Now, imagine a bad day at work. Your boss is not happy with something you submitted. It wasn't what he was looking for at all. You leave the meeting, shaken. Even though he sat down with you, told you what was wrong, how to fix it and gave you a few days to get it together, you are lost in thought as you drive home.
What will happen if you can't fix the report. What if you lose your job? In this economy, what will happen if you can't find another one? You only have so much in savings and your whole household budget is based on two incomes. Money is already a stressor at home. By your calculations, your saving will be depleted in three months.
What then? You might lose your house. Maybe you'll lose your marriage. As you pull into the driveway, you imagine you and the kids checking into a homeless shelter.
That's catastrophizing. A bad report (a snowball) spiraled into divorce and homelessness (a major snow boulder!). Catastrophizing is how we use our vivid imaginations to make bad things worse ... and before they even happen.
The best way to handle catastrophizing is to place your focus back on the original problem. The commute home from work would have been better spent reviewing the boss's suggestions. What can you do differently? Is there anyone who can help? Can you shift your schedule around so you can go in earlier or stay later? What can you do the next time to make sure you understand exactly what he's looking for. These are the kinds of questions that will empower you and not derail you.
If you find that snowball getting bigger, stop and question it. What are the chances of you really losing your job over this? Will your spouse really leave you? Do you think you'll actually end up in a homeless shelter?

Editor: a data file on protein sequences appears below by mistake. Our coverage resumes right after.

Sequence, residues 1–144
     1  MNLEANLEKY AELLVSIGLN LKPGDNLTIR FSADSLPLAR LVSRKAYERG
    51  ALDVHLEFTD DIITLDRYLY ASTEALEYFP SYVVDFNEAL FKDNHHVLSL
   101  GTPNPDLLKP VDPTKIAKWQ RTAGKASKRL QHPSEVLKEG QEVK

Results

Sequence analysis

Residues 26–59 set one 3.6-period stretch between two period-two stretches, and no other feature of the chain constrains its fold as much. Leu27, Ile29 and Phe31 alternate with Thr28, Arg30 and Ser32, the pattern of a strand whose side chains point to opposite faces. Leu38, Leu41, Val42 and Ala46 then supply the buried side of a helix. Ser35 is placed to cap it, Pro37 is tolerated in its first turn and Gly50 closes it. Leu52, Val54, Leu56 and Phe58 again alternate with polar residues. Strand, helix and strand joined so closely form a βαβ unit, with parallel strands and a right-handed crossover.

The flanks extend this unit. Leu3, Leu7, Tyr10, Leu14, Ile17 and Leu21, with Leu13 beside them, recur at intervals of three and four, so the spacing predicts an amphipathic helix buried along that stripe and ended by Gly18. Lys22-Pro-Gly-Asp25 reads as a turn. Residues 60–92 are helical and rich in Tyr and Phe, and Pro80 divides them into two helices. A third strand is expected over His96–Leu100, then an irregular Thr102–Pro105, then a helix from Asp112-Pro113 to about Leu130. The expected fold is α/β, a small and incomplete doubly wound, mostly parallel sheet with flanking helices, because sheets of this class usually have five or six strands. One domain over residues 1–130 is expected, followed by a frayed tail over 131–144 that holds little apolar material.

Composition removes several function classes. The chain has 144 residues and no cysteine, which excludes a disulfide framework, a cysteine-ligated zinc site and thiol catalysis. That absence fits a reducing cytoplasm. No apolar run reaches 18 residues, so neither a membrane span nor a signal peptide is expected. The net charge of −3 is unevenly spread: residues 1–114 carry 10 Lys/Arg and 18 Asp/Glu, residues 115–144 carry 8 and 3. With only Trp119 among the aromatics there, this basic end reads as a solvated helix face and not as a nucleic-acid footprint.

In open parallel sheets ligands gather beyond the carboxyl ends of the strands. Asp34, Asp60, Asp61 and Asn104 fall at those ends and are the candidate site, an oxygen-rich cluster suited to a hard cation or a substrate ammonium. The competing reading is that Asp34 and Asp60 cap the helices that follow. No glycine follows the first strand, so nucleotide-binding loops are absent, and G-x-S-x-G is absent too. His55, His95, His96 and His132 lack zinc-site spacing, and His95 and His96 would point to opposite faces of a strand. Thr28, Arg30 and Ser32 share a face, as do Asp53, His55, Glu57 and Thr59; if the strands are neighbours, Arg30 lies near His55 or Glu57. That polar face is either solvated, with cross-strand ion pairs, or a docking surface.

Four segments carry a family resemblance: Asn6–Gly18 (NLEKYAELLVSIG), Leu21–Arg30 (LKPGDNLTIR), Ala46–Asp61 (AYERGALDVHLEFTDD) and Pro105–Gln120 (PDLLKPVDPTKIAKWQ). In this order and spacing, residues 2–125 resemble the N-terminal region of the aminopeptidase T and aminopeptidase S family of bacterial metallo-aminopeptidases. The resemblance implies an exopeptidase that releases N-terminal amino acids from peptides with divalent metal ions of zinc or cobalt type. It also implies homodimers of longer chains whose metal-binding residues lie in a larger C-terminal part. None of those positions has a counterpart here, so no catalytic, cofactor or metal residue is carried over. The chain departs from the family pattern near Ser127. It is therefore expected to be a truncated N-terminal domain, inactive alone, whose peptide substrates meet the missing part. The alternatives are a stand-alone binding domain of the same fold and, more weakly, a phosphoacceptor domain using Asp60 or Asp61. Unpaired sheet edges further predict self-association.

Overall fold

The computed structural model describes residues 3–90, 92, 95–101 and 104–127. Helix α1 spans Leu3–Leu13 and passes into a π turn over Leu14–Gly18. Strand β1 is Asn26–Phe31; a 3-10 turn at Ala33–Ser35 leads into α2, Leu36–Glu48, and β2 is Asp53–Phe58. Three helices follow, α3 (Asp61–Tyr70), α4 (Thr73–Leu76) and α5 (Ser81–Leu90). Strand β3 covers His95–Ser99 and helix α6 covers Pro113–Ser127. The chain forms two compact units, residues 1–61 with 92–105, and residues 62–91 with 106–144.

Think of your imagination as you would electricity. It can illuminate a city or power an electric chair. The electircity hasn't changed. It's the application that is dramatically different. Let your imagination be a tool for good, a tool that empowers and motivates. Let it light up your life.
And by all means, keep your snowballs small!

Thursday, June 9, 2011

Seizing the Day ... for Couples

A commenter recently asked me an interesting question. She asked, "Any suggestions for your readers who try to seize the day, but their partners don't? How can they make changes in their relationship with the person they love if that person refuses to move forward?"

I would say to seize it anyway. It could be that your partner doesn't think that seizing the day would be worth the effort. Maybe he (or she) thinks enjoyment takes time away from meaningful work. But do what you need to do for you and it's entirely possible that your spouse may come around.

Once he sees how the benefits of seizing and enjoying the day are working for you, he may be willing to give it a try. Like it or not, people are always watching us. Living our truth is the best proof. If you talk about seizing the day but spend that day griping and complaining then those actions, and not your words, will be what people see. If your partner sees you enjoying yourself and really living your words, they might decide to join in.